The American Postal Workers Union announced their endorsement of Sanders Thursday, giving the insurgent Democratic candidate a small boost at a critical moment as his campaign tries to find its way.
While the novel idea wasn't the only reason the postal workers got behind Sanders, union president Mark Dimondstein said it was important.
"That's something we've been working on for a period of time," Dimondstein said. "It's very important from this standpoint: we not only want to preserve the public post office we want to enhance it."
Sanders touted the idea in an interview with Fusion
"I want to see our post office be reinvigorated. And one of the ways that I think we can help not only the U.S. Postal Service, but help a lot of low-income people -- if you are a low-income person, it is, depending upon where you live, very difficult to find normal banking," Sanders said last month. "Banks don't want you. And what people are forced to do is go to payday lenders who charge outrageously high interest rates. You go to check-cashing places, which rip you off. And, yes, I think that the postal service, in fact, can play an important role in providing modest types of banking service to folks who need it."
The postal union brings with it more than 200,000 members at a time when Sanders and Clinton are scuffling behind the scenes to win over organized labor.
Clinton scored a big win late last month when the American Federation of State, County and Municipal Employees -- with its 1.6 million members
, picked her over Sanders. That added to an early endorsement for Clinton from the American Federation of Teachers, whose president, Randi Weingarten, Clinton has long been close with.
Two other issues which won Sanders the postal workers' support: backing of postal union reform and opposition to postal privatization.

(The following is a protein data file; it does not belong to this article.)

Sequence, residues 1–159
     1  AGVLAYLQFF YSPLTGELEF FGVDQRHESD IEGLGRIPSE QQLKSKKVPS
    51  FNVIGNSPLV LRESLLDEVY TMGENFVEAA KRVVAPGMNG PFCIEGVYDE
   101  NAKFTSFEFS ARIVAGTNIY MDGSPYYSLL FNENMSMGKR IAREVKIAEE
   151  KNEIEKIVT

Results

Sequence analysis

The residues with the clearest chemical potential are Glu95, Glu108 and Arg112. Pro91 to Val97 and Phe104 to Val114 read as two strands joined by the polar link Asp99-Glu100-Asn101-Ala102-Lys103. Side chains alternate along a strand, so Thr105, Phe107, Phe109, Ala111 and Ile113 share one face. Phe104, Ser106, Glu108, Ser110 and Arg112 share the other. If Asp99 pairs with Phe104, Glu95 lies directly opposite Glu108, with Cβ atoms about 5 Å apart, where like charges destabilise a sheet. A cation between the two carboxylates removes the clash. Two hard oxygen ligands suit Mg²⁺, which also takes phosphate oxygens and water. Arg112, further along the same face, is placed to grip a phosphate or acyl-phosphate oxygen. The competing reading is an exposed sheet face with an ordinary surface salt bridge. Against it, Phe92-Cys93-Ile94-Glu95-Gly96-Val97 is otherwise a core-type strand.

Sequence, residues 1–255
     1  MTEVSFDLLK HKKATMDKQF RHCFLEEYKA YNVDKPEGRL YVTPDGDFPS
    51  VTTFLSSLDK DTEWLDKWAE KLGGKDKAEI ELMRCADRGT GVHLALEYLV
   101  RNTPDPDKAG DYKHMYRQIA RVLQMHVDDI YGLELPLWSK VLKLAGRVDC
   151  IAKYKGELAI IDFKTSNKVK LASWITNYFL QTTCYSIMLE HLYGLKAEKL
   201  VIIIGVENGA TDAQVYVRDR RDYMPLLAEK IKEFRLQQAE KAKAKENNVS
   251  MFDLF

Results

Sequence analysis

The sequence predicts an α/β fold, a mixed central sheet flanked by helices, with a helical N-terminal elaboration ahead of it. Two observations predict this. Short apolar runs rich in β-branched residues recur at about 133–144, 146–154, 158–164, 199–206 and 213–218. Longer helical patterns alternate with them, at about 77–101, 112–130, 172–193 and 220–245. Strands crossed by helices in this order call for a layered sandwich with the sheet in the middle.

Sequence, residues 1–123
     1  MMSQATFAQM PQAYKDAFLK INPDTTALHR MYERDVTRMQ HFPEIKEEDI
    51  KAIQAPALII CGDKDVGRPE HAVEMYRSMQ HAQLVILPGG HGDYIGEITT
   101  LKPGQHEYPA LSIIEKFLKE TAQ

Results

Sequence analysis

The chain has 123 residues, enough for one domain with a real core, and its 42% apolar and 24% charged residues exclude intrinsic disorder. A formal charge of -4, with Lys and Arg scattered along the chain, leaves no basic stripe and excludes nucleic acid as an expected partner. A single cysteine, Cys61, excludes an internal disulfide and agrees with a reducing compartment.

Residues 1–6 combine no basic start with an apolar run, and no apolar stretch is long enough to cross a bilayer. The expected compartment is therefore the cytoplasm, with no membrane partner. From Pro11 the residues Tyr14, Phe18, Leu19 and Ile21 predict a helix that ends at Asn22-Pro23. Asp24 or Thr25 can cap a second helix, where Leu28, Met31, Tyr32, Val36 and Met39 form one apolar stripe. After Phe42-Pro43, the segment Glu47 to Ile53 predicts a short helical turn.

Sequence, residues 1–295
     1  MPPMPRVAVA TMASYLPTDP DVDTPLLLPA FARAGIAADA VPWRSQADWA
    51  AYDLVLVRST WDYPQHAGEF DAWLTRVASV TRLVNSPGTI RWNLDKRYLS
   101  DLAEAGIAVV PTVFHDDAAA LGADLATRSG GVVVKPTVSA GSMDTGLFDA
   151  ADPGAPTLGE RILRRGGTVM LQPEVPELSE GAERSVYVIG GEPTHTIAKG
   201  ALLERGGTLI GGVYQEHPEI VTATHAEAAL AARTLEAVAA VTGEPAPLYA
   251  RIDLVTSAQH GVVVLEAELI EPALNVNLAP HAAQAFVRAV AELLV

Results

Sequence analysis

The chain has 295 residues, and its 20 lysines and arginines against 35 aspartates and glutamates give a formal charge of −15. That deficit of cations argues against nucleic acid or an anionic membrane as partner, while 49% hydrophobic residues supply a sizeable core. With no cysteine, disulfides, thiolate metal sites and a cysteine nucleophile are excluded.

Sanders' campaign welcomed the endorsement on Thursday.
"APWU is everywhere there is a post office and their 250,000 members are way at the top when it comes to member involvement and union democracy," said Larry Cohen, Sanders' senior adviser on labor issues. "We welcome the unprecedented support of the APWU executive board and look forward to working with their members across the United States."
In the Democratic primary process, national union endorsements bring money and organization to what can be a grind-it-out political process. After the AFT endorsed Clinton, their members -- sporting blue shirts emblazoned in their logo and the Clinton logo -- were seen across the country. The same was true for the National Nurses United, Sanders' first national union endorsement.
"Given his life-long commitment and continued commitment to the organized labor moment, we would like to have as many organized labor endorsements as we could get," Jeff Weaver, Sanders' campaign manager said on Wednesday, before the postal endorsement was announced. "Sen. Sanders has been standing by unions when the cameras aren't there. People know that. That word of mouth goes through the union membership."
Weaver, disparaging the way national unions don't always match what their members want, added, "Washington has a certain culture and people in Washington are not always in sync with the people down below."